These sex-crazed mammals mate with such reckless abandon for 2 weeks straight that it literally kills them. What a way to go.
Scientists in Queensland, Australia have discovered two new species of sex-till-you-drop marsupials … and one is already destined for the threatened list. Which isn’t that surprising, given that each mating season the small mammals, antechinus, lose their male population to the rigors of sex.
The two new species bring the total number to five new ones discovered by Dr. Andrew Baker from Queensland University of Technology's (QUT) and his team in the last three years. This represents a 50 percent increase in diversity within this long-known genus of mammals. The five are:
- Tasman Peninsula Dusky Antechinus (Antechinus vandycki)
- Mainland Dusky Antechinus (Antechinus mimetes)
- Black-tailed Dusky Antechinus (Antechinus arktos)
- Silver-headed Antechinus (Antechinus argentus)
- Buff-footed Antechinus (Antechinus mysticus)
Yet they believe that now three of the new antechinus are already under threat from climate change, feral pests and habitat loss.
"We discovered the Tasman Peninsula Dusky Antechinus not far from the old European settlement town of Port Arthur in Tasmania," said Dr Baker, a mammologist from QUT's Science and Engineering Faculty.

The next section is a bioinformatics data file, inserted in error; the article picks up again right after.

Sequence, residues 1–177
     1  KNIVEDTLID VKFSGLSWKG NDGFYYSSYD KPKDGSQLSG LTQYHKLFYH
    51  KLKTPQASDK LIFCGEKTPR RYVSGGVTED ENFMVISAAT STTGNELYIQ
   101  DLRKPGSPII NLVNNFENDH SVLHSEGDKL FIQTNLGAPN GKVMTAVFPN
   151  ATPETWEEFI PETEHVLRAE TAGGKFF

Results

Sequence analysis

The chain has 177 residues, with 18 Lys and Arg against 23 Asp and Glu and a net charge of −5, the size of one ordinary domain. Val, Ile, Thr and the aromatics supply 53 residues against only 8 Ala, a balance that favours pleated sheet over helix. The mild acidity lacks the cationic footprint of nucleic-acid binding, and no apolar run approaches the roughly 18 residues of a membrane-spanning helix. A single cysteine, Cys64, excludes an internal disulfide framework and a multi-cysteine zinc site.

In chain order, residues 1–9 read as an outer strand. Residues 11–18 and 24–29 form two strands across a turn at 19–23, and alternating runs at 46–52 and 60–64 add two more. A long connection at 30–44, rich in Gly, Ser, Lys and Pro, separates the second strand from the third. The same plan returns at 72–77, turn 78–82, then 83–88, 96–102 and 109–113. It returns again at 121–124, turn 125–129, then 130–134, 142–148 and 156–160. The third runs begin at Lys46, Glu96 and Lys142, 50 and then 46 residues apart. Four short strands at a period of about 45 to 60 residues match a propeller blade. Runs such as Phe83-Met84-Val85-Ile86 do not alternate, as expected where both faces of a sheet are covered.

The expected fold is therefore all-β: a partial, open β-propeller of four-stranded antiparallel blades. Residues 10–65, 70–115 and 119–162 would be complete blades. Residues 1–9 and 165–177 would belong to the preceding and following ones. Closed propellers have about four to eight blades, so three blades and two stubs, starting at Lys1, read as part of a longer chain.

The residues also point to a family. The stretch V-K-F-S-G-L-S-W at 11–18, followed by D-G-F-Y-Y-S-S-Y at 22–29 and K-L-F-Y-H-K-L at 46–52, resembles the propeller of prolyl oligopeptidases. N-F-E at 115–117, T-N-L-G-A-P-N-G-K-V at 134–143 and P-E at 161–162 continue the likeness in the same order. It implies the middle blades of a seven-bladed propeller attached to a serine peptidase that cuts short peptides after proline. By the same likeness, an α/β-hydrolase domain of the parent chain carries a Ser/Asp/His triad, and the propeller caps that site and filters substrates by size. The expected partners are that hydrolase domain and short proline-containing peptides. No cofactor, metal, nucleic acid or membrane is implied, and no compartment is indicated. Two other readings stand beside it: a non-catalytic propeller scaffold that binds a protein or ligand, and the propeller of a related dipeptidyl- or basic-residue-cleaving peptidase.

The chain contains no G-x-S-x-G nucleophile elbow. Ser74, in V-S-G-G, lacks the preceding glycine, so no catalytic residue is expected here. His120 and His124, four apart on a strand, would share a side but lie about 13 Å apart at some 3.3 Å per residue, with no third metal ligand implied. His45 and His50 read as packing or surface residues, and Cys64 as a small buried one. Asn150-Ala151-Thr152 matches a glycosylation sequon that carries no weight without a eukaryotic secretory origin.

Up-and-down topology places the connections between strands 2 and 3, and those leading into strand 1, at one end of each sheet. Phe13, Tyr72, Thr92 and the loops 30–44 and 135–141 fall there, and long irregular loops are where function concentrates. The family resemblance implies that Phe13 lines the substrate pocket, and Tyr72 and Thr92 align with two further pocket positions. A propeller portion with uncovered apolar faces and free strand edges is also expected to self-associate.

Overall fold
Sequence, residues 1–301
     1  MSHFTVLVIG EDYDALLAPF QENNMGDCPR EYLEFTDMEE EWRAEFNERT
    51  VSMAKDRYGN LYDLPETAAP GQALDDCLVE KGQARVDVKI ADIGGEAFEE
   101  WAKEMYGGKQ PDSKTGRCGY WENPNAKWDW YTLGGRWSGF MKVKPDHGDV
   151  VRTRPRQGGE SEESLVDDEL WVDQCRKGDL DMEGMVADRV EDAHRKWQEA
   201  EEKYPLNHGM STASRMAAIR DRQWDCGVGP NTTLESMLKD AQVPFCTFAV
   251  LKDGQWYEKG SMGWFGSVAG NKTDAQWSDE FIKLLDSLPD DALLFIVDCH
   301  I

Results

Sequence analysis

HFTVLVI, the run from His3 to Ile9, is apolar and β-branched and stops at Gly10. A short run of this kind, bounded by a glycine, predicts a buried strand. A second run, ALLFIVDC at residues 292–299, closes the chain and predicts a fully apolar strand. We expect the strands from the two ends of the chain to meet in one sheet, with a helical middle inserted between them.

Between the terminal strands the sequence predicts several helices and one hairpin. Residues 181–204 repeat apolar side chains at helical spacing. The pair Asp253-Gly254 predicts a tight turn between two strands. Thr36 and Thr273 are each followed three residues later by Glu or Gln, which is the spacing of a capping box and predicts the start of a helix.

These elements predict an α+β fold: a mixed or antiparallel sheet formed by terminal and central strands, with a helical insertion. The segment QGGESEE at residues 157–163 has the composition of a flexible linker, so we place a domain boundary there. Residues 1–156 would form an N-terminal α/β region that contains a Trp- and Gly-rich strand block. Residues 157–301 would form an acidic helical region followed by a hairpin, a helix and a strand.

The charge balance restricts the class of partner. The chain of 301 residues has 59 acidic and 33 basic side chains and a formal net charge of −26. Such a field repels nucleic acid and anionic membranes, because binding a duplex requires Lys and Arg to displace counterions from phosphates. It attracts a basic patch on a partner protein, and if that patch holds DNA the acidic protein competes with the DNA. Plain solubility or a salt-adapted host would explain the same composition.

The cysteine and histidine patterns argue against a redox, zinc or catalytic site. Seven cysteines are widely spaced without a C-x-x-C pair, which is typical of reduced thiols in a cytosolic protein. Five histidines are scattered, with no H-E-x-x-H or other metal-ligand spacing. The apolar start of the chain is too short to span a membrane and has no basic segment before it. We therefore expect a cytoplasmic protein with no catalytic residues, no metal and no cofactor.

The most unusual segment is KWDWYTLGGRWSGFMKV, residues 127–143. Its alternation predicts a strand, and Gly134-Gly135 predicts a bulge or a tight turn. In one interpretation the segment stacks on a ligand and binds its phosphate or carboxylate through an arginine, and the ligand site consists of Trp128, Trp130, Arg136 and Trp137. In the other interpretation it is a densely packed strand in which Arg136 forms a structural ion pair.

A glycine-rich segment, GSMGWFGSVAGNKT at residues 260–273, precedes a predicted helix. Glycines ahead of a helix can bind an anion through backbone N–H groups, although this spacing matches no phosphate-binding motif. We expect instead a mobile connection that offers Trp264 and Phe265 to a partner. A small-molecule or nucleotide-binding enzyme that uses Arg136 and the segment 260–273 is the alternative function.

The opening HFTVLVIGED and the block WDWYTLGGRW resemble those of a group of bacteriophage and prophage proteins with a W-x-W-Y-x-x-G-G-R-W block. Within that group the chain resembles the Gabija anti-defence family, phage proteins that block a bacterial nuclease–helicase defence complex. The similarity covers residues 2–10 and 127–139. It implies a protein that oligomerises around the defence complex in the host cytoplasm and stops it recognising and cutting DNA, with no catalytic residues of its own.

"Most of its limited habitat falls within state forest, which is being logged. This species now apparently only lives in tiny, fragmented stands of intact forest that are under threat. Uncovering new mammals in developed countries like Australia is pretty rare and the fact we've found even more antechinus species hints at the biodiversity jewels still waiting to be unearthed.”
And the threat only adds to an already perilous population challenge, as each year the numbers are halved during breeding season. For a few weeks, male antechinus go on an all-out sex bender, frantically breeding with as many females as they can get their paws on. They don’t eat, they don’t sleep – their mind is on one thing and one thing only: sex.
"The breeding period is basically two to three weeks of speed-mating, with testosterone-fuelled males coupling with as many females as possible, for up to 14 hours at a time," he said.
"Ultimately, the testosterone triggers a malfunction in the stress hormone shut-off switch; the resulting rise in stress hormones causes the males' immune systems to collapse and they all drop dead before the females give birth to a single baby.”
And while it’s not so good for the males (or, maybe it is, depending on how you look at it) it does allow for enough food – mainly spiders and insects – for the babies to subsist on, Baker explains.
Baker is currently applying to the Tasmanian Government for a threatened species listing for the Tasman Peninsula Dusky Antechinus. His team is also seeking to have all three threatened antechinus species added to Australia's federal threatened species list, which will help ensure their protection.
You can see the X-rated antics of antechinus in the video below. Cue the Barry White.